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Boutique banks lose luster as M&A boom wanes

Feb 16. 2020
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By Syndication Washington Post,  Bloomberg · Michelle F. Davis · BUSINESS, US-GLOBAL-MARKETS 

After spending years stealing market share from bulge-bracket peers on Wall Street, many boutique investment banks are stalling as a lengthy merger boom sputters.

Global boutique banks advised on the fewest number of deals last year since 2016, and their share of the deal pool fell to their lowest point since 2013, based on the number of transactions they worked on, according to data compiled by Bloomberg, which tracked deal participation by 248 boutiques. That led to the first annual decline in advisory revenue for the six biggest U.S. boutique firms since 2011.

They're losing ground at a potentially perilous time. Dealmakers are forecasting a slump in M&A activity this year and bulge-bracket firms are increasingly encroaching on their turf by chasing smaller clients in the middle market.

Boutiques largely don't have as many sources of revenue as full-service firms such as Goldman Sachs and JPMorgan Chase, which provide financing and other banking services. Their playbook is simpler: they rely on star rainmakers to sell M&A advice in specialized industries.

In the U.S., the six biggest by market capitalization are Lazard, Evercore, Houlihan Lokey, PJT Partners, Moelis & Co. and Greenhill & Co. As a group, they generated $6.2 billion in revenue for advising on deals last year, a 2.2% drop from the previous year, according to data compiled by Bloomberg. PJT Partners and Houlihan Lokey bucked that trend. PJT's advisory revenue rose 27% year-over-year while Houlihan's gained 13%.

There are signs that some boutiques may be starting to feel the pinch.

Evercore, the highest-ranking boutique on the league tables, in January said it will reduce about 6% of its headcount, with cuts affecting more than 100 workers. The firm said the moves were aimed at giving it "greater flexibility of operations and better position itself for future growth."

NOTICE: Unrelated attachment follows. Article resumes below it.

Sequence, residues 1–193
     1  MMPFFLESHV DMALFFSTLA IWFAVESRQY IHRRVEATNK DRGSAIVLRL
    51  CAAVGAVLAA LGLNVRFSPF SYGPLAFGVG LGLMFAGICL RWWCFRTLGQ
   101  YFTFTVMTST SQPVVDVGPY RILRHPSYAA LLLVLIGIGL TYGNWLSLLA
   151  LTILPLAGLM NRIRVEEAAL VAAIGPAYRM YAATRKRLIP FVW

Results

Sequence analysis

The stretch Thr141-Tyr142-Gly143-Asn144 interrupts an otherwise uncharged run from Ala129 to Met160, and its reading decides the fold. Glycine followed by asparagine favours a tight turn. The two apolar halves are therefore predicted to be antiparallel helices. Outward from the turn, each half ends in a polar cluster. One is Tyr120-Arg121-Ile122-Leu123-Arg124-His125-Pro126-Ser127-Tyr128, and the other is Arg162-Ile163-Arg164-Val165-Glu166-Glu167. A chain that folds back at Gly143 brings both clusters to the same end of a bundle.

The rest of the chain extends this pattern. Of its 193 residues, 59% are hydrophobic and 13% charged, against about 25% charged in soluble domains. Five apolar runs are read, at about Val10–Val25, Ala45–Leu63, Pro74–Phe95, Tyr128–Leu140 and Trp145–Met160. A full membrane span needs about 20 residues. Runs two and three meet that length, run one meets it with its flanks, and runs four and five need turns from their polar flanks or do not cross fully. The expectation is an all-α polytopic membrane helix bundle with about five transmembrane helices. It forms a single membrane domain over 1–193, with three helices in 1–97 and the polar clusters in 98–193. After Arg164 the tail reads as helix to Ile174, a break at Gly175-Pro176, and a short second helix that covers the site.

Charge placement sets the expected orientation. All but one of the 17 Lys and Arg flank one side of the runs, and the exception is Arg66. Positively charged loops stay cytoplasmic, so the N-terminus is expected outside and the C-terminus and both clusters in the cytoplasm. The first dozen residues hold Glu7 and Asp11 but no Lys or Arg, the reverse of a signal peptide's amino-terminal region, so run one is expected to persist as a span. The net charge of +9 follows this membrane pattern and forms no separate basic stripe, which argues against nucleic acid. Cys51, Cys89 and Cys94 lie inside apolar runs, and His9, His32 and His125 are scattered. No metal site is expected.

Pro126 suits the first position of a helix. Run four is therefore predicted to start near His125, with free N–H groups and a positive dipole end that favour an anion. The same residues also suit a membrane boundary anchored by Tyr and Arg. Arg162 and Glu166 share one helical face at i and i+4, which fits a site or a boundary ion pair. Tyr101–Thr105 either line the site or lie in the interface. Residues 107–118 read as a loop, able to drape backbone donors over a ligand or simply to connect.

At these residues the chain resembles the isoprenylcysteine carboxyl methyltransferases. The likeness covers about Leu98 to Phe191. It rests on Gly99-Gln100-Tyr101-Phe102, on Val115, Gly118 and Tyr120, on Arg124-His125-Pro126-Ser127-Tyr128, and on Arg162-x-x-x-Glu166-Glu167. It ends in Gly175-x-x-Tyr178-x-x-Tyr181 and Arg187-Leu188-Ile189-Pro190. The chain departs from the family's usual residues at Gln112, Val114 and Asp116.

Perella Weinberg Partners, another boutique, has put on hold its plan to go public, with top bankers at the firm concerned about volatile markets for boutique financial stocks, Bloomberg News reported in November.

Nearly a dozen dealmakers have also left boutiques for bulge-bracket firms in the past six months -- a reversal of the trend over the last several years. Among the most high-profile were Amy Lissauer's move from Evercore to Bank of America to lead its global M&A-activist and raid-defense advisory practice. HSBC Holdings has hired Nabil Lahham, a former veteran Middle East dealmaker at Perella Weinberg, people familiar with the matter said this week.

The moves beg the question: are boutiques getting too big for their own good? As they've bulked up and increasingly landed roles on more of the biggest M&A transactions, some clients and observers worry they're losing some of what made them an attractive alternative to big banks.

"They've floated up to something that's in between a boutique and a bulge-bracket firm," said Erik Gordon, a lawyer and business professor at the University of Michigan's Ross School of Business. "Sometimes I wonder how boutiquey they actually are. Where your proposition is being small -- whether it means personal attention, exclusivity, lack of conflicts -- it's sustainable only if you stay small."

In one case, Evercore had to pass up a role advising LVMH on its $16.2 billion deal for Tiffany & Co. due to a conflict of interest, according to a person familiar with the matter. That's because Evercore's William Shutzer sits on Tiffany's board, said the person, who asked to not be identified because the matter isn't public. A representative for Evercore declined to comment.

As competition for fees has intensified, some boutiques have also ventured into new sectors. Houlihan Lokey, a Los Angeles-based firm with a strong restructuring group, has been expanding globally. In January, the firm said it had hired a banker to spearhead a new equity capital markets practice in Europe.

To be sure, some of the firms gained share last year. PJT Partners was ranked a top 10 M&A adviser for the first time since going public after it co-advised AbbVie Inc. on its $63 billion deal for rival drugmaker Allergan Plc. The firm jumped to ninth place from fifteenth the year before, according to Bloomberg data.

Evercore's Peter Bundage, a senior managing director and head of the bank's Dallas office, says he thinks boutiques are well-positioned to take advantage of what he expects to be a strong M&A market this year.

"There will continue to be a very, very strong niche that corporate America is going to value that the independents bring," Bundage said in an interview Thursday. "I think these big firms do it very well, very professionally, but at the same time they do want truly independent advice that's not tied into many of the other services that they're selling."

Some analysts dispute the notion that boutiques can get too big.

Scale isn't necessarily an impediment for firms such as Lazard and Rothschild & Co. that historically have been broadly focused, according to Brennan Hawken, an analyst with UBS AG.

"To me, this idea that boards really want independence; No, they don't," he said. "Boards want good advice and they're gonna hire the firms that deliver the best advice. It's just that simple."




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